Women’s Foot Health Part 1: Athletes

WOMEN’S FOOT HEALTH PART I: considerations for a female athlete

An Article Written by Yen-Chii Wong
Podiatrist – New Step Podiatry

Over four articles we will explore women’s health considerations in podiatry. We will discuss considerations for a female athlete in the article, bone health for women here, foot changes during pregnancy here and foot changes during menopause here. Click on the links to access these articles.

Training around the menstrual cycle

Understanding the menstrual cycle and hormone activity for female athletes can really help in knowing when and what to train that best suit the body. Most women’s menstrual cycles last for 25-40 days. This diagram gives a good run down of performance in the menstrual cycle with information from Dr Stacy Sims, a leading expert in female athletic performance.

Period: hormone levels are at their lowest meaning physiologically the body is more like that of a male’s. Starts at the beginning of the follicular phase.

Training: more force and more strength can be produced and training may feel easier. Training can increase in intensity.

Follicular Phase: a gradual increase is estrogen levels with low progesterone.

Training: continue with higher intensity or heavier strength training with a taper as you approach ovulation and the luteal phase.

Ovulation: estrogen levels are at their highest.

Training: you may feel flat or sluggish so don’t push it too much. This can be a recovery day.

Luteal Phase: estrogen and progesterone are high. PMS (prementrual syndrome) can occur with mood changes.

Training: decrease endurance capacity. Switch to low to moderate intensity exercise with more recovery. Coordination and reaction time may be reduced.

597701- TK Ways to Make Your Period Work for You
Kuikman, M. (2021). Nutrition across the menstrual cycle. https://megankuikmanrd.ca/menstrualcycle/

The Female Athlete Triad

The Female Athlete Triad consists of three main symptoms that can lead to a decrease in physical performance and general health. These symptoms are:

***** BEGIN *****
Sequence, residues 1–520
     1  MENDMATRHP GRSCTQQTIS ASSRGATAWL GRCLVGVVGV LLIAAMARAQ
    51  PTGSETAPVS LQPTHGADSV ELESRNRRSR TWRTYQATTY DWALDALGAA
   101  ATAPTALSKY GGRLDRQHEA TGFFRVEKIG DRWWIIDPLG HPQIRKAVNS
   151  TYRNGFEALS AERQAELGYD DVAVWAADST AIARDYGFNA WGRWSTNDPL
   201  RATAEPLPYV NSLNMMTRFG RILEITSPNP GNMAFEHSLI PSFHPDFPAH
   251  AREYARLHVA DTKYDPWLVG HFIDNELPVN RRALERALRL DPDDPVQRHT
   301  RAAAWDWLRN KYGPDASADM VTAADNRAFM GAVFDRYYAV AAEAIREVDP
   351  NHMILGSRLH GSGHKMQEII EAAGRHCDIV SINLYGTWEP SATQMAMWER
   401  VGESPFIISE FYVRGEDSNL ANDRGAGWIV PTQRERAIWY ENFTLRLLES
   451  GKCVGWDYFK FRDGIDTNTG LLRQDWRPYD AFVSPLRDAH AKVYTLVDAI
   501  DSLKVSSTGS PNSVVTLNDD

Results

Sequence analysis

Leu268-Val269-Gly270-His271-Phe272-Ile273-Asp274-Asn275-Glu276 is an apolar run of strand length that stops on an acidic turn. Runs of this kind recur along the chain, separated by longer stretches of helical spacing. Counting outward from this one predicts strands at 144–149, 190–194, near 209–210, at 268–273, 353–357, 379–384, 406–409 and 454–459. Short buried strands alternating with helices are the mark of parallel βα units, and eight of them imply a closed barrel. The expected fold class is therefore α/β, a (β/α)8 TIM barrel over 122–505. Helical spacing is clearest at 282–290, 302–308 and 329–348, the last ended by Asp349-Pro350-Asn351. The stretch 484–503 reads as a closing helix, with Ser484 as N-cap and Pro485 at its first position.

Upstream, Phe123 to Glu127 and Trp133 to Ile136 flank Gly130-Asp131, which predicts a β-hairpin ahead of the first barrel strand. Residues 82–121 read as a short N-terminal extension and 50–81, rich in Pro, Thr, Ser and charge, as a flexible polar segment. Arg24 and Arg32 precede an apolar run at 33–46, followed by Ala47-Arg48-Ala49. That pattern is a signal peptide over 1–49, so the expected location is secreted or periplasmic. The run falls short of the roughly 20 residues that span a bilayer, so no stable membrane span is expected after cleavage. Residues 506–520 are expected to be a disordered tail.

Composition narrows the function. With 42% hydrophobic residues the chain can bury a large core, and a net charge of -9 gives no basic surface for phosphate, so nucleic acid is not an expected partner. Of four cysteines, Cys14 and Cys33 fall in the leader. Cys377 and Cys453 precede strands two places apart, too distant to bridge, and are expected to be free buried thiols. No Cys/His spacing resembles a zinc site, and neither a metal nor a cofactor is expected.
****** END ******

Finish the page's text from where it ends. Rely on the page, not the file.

– Low energy availability

This occurs when the amount of food being eaten (energy input) isn’t enough to sustain the level of physical activity (energy output)

– Menstrual disturbance

Big changes in your period – in some cases complete loss of your period – is bad news. It means the body isn’t getting enough energy and is taking energy from functions it deems ‘non-essential’, like the reproductive system.

– Low bone density

This can occur from low energy availability, high levels of activity, and deficiencies in certain nutrients. Having low bone density can predispose you to injuries like stress fractures and can lead to bone pathologies like osteopenia and osteoporosis.

More recently, The Female Athlete Triad has been modified and is now known as RED-S (relative energy deficiency in sport), which recognises that this condition can affect both females and males.

Statuta SM, Asif IM, Drezner JARelative energy deficiency in sport (RED-S)British Journal of Sports Medicine 2017;51:1570-1571.

Physiological Differences

It’s no surprise that female and male bodies are physiologically different. Some of these differences can alter athletic performance.

– Females have a higher proportion of body fat, which means there is more reliance on fat over carbohydrates for fuel.

– Females have larger type 1 muscle fibres which are used mostly in endurance sports. Type 2 muscle fibres are used more for power output. This means females may have a higher capacity for endurance-based or ‘long and slow’ sports.

– Females have smaller heart and lung volume with less oxygenated blood pumped out per beat, which means respiratory muscles have to work harder and use more energy.
– Females tend to sweat later into a vigorous activity and retain more heat. It may take longer for females to cool down after sport.


Beck, B., & Drysdale, L. (2021). Risk Factors, Diagnosis and Management of Bone Stress Injuries in Adolescent Athletes: A Narrative Review. Sports (Basel, Switzerland), 9(4), 52. https://doi.org/10.3390/sports9040052

Kuikman, M. (2021). Nutrition across the menstrual cycle. https://megankuikmanrd.ca/menstrualcycle/

Statuta SM, Asif IM, Drezner JA
Relative energy deficiency in sport (RED-S)
British Journal of Sports Medicine 2017;51:1570-1571.

Sims, S. T., & Yeager, S. (2016). Chapter 2: Demystifying and Mastering your Menstrual Cycle. In ROAR (pp. 24-41). Rodale Books.

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